Don't do it at all may be the FSF answer, but he does not pay $57,500 a year for W3C membership dues. The point that Tim has missed is that the W3C membership is already annoyed on the value for money front, W3C is way more expensive to join than OASIS where we pay $10K. We are also far from happy on the bogus process front, it took me almost a year to get a W3C working group started. I am not happy with a set of document publication rules that are 'standards based' but turn out to mean that you can only edit standards with one editor.

    The last thing W3C needs to do at this stage is to reopen the IP issue with the membership.

    • Jay, you're wrong. (Score:5, Informative)

      by Bruce Perens (3872) <bruce@perens.com> on Monday December 30, 2002 @06:43PM (#4984871) Homepage Journal
      Folks It is essential for the Free Software community to support the W3C as it stands today. The policy does what it's supposed to do - it protects web standards for Free Software. Unfortunately, if we ask for more than that, we will lose everything we've fought for. The reason is simple. Members join the W3C voluntarily. If a consequence of joining is that any and all of their patents that are used in a standard will become free for any use whatsoever, they will not join, and they will instead make their standards in an organization that lets them charge royalties for use within the standard. We will have lost.

      Nor does it make it impossible for GPL software to make use of the patents. If you want to use a patent in GPL software, put that routine under the MIT license, which does not have the GPL's language regarding patents, and can link with GPL work. This work-around was suggested by Eben Moglen.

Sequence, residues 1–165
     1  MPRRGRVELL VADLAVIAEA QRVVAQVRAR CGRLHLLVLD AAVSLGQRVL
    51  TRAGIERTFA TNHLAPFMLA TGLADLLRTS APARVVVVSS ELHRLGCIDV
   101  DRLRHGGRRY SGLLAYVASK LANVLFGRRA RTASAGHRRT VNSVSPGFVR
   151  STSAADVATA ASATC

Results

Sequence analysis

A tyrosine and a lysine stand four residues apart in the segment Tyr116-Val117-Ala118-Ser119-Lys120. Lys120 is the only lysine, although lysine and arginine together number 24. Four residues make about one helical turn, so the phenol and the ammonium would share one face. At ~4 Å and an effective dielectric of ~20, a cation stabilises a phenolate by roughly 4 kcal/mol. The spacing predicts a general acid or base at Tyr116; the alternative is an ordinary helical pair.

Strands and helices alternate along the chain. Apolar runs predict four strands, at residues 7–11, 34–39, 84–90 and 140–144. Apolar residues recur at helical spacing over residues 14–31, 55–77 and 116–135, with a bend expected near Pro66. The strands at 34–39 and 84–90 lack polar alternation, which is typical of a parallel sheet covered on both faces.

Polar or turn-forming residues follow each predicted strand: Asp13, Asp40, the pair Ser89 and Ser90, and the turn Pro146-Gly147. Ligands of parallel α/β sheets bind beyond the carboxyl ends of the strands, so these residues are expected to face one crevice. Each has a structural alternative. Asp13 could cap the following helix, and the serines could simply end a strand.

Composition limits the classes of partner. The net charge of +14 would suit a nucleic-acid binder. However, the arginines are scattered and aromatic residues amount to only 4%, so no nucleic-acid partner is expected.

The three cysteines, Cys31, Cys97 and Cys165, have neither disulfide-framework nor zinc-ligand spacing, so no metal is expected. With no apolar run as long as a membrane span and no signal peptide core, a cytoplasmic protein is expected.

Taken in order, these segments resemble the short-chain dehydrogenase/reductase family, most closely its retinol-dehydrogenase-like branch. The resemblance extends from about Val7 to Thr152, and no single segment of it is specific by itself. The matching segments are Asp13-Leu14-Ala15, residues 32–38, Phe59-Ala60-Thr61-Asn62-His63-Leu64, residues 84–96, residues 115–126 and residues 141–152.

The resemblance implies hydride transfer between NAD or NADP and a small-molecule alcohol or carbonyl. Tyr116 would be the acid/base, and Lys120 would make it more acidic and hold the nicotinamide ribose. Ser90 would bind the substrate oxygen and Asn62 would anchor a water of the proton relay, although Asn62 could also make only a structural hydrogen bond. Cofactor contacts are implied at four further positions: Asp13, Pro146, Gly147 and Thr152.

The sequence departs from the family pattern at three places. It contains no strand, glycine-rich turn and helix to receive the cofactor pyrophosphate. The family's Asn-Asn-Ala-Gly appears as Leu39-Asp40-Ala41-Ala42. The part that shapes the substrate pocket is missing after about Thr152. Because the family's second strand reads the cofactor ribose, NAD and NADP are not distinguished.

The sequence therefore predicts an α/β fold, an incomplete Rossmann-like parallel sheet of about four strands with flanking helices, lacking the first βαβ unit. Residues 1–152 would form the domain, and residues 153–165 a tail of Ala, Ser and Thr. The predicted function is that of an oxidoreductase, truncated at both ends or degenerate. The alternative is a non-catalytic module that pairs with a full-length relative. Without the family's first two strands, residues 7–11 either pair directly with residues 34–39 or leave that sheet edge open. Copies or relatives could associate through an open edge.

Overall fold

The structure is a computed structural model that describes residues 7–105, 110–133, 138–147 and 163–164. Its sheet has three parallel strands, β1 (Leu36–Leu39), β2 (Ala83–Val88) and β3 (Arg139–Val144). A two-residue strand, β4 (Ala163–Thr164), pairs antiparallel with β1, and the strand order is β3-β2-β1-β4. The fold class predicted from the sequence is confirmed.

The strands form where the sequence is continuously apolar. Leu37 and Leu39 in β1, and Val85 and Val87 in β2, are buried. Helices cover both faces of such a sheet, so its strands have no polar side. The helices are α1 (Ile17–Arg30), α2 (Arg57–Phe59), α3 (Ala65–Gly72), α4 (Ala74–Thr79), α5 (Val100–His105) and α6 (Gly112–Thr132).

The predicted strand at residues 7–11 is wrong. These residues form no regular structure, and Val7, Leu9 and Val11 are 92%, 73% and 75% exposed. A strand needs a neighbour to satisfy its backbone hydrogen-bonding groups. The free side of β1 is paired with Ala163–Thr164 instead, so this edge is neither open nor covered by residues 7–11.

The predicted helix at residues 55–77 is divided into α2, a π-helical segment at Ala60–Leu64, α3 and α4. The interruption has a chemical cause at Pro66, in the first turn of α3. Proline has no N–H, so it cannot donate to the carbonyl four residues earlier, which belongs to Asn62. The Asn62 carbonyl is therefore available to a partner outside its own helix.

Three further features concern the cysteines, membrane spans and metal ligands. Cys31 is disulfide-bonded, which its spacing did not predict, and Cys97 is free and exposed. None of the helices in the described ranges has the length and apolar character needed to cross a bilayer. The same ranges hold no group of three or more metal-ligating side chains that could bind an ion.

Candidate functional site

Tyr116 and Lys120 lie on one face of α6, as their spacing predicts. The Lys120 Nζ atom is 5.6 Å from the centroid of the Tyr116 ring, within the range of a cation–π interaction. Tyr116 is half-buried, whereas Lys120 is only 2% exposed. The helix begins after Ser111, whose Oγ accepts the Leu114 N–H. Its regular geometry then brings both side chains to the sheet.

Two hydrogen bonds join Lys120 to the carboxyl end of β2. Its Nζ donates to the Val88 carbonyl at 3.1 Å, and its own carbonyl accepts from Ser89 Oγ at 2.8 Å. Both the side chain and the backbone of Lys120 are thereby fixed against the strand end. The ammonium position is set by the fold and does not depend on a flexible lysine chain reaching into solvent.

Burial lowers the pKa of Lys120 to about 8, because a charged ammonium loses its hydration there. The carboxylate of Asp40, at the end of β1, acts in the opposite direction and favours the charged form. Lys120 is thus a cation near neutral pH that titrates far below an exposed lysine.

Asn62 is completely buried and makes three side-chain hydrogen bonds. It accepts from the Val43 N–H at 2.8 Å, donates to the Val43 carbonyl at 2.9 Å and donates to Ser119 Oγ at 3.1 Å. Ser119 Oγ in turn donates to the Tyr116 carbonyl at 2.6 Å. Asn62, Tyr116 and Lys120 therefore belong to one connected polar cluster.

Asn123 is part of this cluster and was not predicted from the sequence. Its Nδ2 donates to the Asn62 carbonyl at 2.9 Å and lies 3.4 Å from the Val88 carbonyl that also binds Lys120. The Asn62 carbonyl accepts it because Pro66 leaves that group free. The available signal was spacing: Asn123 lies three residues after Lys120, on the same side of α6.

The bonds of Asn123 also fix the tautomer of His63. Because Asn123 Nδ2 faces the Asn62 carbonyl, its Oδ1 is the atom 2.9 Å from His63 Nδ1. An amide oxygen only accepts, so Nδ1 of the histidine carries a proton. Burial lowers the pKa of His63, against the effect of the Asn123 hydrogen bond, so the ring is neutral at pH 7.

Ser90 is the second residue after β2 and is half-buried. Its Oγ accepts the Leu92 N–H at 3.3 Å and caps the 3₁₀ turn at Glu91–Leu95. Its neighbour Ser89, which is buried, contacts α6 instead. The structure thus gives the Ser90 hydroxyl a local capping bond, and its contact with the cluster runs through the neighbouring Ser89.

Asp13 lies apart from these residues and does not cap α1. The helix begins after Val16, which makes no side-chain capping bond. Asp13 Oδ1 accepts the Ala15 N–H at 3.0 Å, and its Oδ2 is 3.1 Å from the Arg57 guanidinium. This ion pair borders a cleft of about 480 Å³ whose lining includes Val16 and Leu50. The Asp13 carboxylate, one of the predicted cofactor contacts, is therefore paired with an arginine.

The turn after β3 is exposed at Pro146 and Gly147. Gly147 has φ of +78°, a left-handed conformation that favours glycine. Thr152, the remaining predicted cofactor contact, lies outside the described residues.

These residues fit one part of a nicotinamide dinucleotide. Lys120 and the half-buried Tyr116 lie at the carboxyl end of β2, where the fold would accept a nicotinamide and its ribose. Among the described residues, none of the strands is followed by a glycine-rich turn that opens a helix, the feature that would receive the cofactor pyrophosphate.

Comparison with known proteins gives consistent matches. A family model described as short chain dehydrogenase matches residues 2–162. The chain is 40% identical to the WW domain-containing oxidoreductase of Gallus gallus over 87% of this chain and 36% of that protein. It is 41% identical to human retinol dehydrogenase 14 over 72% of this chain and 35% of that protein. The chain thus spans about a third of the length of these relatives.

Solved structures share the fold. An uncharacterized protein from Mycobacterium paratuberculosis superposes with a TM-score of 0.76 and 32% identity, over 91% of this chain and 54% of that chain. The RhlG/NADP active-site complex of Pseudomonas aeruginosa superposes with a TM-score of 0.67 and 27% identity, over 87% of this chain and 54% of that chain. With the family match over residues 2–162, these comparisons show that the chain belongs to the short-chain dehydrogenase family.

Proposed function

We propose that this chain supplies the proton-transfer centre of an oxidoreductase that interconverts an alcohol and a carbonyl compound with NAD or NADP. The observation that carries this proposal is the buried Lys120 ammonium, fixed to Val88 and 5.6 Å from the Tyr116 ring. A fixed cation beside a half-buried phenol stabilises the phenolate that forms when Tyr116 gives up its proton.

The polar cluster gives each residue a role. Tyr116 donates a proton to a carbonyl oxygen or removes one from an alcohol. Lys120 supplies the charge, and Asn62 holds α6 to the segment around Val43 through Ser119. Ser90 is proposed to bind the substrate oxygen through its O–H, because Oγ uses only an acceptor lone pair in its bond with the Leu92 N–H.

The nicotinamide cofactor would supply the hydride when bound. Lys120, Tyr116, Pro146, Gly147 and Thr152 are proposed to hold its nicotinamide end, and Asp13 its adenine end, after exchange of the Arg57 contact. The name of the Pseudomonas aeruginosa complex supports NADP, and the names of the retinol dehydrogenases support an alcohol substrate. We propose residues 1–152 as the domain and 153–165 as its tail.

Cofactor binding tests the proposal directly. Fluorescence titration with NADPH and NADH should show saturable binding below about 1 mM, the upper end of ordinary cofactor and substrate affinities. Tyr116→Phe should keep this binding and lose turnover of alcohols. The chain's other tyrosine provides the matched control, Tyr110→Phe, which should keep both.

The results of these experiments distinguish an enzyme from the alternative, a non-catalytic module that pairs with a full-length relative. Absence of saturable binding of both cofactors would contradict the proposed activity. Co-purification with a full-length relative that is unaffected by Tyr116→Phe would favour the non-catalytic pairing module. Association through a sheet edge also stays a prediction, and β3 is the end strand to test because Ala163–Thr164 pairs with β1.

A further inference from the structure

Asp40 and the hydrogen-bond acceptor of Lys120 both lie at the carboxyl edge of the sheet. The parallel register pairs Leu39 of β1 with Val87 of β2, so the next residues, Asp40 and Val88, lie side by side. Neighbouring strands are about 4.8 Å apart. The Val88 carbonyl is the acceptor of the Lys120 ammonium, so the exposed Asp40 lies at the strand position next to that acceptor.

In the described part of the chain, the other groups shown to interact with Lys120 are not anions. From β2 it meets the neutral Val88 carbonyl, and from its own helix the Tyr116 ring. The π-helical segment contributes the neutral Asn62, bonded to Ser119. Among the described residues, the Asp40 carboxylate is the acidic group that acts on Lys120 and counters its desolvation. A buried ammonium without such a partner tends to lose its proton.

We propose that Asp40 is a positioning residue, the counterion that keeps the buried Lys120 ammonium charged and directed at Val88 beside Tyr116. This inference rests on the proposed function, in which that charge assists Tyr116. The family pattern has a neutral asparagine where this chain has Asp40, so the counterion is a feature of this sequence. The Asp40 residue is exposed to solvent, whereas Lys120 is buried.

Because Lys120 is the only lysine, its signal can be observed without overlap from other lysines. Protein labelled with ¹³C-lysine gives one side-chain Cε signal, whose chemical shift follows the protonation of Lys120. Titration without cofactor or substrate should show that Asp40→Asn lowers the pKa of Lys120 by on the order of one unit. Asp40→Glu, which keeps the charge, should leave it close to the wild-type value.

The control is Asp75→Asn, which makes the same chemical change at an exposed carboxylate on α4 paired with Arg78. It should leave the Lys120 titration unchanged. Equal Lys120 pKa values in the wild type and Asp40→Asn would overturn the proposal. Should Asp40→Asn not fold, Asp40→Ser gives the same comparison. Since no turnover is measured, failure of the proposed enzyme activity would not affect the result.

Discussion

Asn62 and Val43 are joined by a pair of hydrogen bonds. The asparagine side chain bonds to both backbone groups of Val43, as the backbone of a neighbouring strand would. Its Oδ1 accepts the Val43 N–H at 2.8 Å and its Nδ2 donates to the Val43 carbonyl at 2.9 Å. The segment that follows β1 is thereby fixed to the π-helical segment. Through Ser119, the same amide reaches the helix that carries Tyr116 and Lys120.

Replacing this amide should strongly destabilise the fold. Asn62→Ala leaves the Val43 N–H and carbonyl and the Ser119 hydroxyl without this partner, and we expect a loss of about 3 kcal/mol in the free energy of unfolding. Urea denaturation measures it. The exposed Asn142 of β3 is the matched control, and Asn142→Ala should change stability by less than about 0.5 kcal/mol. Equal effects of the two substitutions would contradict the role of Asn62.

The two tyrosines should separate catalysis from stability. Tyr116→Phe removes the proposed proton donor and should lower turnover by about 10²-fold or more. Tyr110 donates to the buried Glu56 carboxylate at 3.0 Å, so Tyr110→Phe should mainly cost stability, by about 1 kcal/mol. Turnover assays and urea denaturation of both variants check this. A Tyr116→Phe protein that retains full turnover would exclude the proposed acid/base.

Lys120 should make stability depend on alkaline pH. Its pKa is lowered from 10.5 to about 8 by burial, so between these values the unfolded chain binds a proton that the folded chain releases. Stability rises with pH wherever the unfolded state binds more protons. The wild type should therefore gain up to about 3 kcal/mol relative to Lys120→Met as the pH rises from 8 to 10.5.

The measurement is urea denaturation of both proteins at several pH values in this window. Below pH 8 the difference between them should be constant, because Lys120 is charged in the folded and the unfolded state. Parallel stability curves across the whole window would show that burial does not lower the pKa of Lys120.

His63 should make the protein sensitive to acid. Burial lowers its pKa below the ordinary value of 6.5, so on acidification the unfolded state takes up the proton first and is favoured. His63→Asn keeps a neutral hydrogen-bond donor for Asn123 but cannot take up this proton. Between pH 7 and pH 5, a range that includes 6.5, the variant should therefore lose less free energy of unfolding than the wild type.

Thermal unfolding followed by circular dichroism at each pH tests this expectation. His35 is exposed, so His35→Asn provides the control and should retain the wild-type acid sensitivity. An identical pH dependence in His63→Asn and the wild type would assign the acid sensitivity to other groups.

This doesn't mean I support software patents. I think they should be eliminated. But we can't eliminate software patents through W3C - only through legislatures.

      I'll end this with a plea to Jay Sulzberger. Jay, you are working to destroy two years of work by myself, Eben Moglen, and Larry Rosen. You didn't participate in the patent policy working group. I didn't see you volunteer. You don't sufficiently understand the issues yet. Please help us get the current W3C policy accepted, so that things will get better instead of worse.

      Bruce

      • Thank you, Bruce, for the answer to the question that I asked (in a thread above).

        I must admit that I'm barely comfortable with any patented software, but if it is usable with GPL software (via the suggested intermediate MIT licensed code), then that's "sort of acceptable". I still feel that any code relying on such a workaround should be immediately marked deprecated (but no replacement available). It feels like intentionally contracting head lice. But head lice aren't usually fatal. Perhaps sometimes you need to take the risk. Perhaps.

        I can't really write to them applauding their choice. But I guess that it should be supported as best one can in good conscience. Even if that just means not flaming them. It does cause me to wish that Open Source folk were more interested in writing standards (but it doesn't increase my interest in doing so).

        I'm afraid that to me any "standard" that is encumbered with patents will always have quotes around it. Likewise any "standard" that can only be published and distributed by one group. (Can you say Fortran?) I don't consider such things to be genuine standards. Specs, perhaps, but standard implies that this is the approved way of doing things, and if you use some legal monopoly to prevent this spec from being distributed or used, then it isn't a standard. This remains true no matter how many PR agents the "standard" bodies hire.

        N.B.: Legal monopoly: here I'm intentionally referring to both copyright and patents. But also to any other similar scheme that creates a legal monopoly.

      • I agree emphatically with Bruce!

        A not widely or well understood fact about the MIT license is that it contains an implicit patent grant, something that I was unaware of until recently. (So what I had been nervous about with MIT/Berkeley licensed code for years turns out *NOT* to be true; we do have things reasonably covered.)